A great inspired hybrid game but not without flaws
Many similarities have been drawn between Darksiders and games such as Zelda, God of War, Portal and so on. All of these comparisons are fair but it’s more accurate to say that the game is simply a massive hybrid of good game design; an homage to other games we’ve all enjoyed or at least heard about.
Whether you think of it as simply derivative or not their is no question that Darksiders pulls off every borrowed mechanic and similar idea just as well as the games it seems to have derived them from, in some cases even doing a better job.
You begin with a very limited number of abilities and gameplay options but as you progress more and more become available to you, as you would expect in a game that claims to be more of a Zelda clone than anything else. While the core combat system is much more basic when compared to titles such as Ninja Gaiden or Devil May Cry the fact you can seamlessly switch between your collection of weapons and items on the fly makes up for this. Most double as weapon and puzzle solving items, the Crossblade for example functioning as a means to raise platforms from afar, explode and set fire to things or stun enemies at range.
You eventually end up with so many items that you will essentially be forced to develop a preferred set as you can only ever use four at a time without having to go into your character screen and re-assign one to a different quick use button. While your secondary melee weapon can be toggled on the fly between one of two, upgrading both and your main weapon becomes expensive and heavy grinding will be the only means of maxing out all three. Not to mention all the other aspects of War you could be putting upgrades in to instead.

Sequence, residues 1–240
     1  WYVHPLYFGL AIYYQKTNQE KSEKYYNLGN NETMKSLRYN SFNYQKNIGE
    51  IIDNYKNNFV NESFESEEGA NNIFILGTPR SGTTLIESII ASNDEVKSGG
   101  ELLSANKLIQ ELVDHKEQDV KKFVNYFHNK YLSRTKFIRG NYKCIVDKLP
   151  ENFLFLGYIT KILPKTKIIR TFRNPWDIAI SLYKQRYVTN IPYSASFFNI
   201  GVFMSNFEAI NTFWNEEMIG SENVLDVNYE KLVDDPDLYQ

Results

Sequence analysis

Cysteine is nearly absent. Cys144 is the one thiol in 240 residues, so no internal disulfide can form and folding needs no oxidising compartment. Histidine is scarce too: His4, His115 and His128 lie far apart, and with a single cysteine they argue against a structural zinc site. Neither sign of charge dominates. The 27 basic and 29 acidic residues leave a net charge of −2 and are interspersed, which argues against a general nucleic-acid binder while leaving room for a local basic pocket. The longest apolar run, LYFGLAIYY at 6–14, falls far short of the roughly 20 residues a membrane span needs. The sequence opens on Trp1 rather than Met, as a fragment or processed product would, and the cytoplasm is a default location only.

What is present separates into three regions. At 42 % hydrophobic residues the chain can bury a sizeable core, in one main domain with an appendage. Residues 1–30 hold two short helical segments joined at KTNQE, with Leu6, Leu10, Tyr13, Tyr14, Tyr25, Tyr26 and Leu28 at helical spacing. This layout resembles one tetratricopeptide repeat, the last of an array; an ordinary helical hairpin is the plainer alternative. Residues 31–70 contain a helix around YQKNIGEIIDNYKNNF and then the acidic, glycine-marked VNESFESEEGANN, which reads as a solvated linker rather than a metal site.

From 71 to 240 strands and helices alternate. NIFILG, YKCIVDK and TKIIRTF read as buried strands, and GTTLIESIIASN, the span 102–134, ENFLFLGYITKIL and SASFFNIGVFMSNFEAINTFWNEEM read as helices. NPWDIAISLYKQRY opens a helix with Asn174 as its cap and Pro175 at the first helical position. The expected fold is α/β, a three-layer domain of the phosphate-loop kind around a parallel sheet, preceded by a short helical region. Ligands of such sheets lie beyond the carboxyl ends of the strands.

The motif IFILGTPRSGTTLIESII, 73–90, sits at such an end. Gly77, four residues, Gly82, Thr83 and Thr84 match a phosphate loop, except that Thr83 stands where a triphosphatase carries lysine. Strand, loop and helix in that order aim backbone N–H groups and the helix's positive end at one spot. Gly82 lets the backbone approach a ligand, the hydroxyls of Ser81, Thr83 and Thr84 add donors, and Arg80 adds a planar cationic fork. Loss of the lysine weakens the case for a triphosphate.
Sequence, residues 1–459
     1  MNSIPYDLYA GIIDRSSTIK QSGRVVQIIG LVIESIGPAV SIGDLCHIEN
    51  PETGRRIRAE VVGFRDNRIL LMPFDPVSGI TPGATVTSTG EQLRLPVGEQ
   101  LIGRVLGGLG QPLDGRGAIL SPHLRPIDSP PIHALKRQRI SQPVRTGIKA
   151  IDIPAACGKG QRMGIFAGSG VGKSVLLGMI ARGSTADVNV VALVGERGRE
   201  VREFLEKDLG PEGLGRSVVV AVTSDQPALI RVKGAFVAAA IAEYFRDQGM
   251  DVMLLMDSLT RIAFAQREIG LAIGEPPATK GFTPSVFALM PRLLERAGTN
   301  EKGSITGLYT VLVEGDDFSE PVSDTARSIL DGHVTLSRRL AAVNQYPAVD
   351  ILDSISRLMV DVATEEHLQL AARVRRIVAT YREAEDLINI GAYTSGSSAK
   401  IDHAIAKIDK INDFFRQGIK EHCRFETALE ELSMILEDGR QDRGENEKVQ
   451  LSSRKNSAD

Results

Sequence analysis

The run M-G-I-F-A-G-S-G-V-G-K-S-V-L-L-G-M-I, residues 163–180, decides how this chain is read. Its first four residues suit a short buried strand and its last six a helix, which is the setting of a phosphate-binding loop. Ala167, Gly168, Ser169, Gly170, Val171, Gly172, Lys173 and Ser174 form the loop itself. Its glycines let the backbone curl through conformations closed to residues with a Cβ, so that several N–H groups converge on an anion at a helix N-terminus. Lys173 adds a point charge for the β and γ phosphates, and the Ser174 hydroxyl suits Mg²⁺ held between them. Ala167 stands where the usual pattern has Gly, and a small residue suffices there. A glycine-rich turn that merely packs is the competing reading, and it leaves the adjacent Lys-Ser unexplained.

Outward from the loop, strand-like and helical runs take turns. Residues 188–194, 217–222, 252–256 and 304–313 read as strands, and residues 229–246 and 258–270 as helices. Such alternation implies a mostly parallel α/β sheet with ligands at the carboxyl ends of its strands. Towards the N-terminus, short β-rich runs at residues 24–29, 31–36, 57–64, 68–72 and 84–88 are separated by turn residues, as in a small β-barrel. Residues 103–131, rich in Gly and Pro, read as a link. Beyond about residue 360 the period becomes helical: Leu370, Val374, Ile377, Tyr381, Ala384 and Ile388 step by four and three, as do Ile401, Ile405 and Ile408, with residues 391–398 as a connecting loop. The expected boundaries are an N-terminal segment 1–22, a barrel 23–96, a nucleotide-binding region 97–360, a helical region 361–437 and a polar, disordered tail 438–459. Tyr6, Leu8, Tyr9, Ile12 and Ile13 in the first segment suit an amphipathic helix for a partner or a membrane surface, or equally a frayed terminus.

Combat is fluid and fast with your arsenal and the many upgrades you can obtain always keeping things fresh and interesting. Like in RPGs you will also gain stat items that grant various bonus's to items and abilities, extend your Chaos Form time (war's true form; the one button spam ownage form) and increase things like health and Wrath; your magic pool for special attacks.
Where Darksiders combat does fall a little short is War’s targeting and evasion system. Performing either actions is easy enough but when you become surrounded by more than a handful of enemy’s things can get a little tedious as the targeting system favors low enemy counts and becomes a little unreliable when the numbers increase and the enemies themselves get a lot tougher. I found myself having to spam the dodge which also doubles as a charge (depending on which way you point the stick) quite frequently in later levels.
War can counter after blocking but because of how hectic things get its rare that you are able to pull off such a move without taking an axe in the back. For this reason the difficulty of Darksiders can fluctuate but as long as you keep upgrading and finding those precious health items you should do fine, that still doesn’t change the fact the system is a little wonky.
A large part of what made Darksiders so enjoyable for me and perhaps helped me see past its flaws was the visual design and feel of everything. The characters, the weapons and the environment all have a heavily comic book influenced feel to them. It is a dark and mature setting but it never strays in to what I call ‘gears-of-yawn’ territory where everything is de-saturated and truly bleak and is instead quite vibrant and full of personality.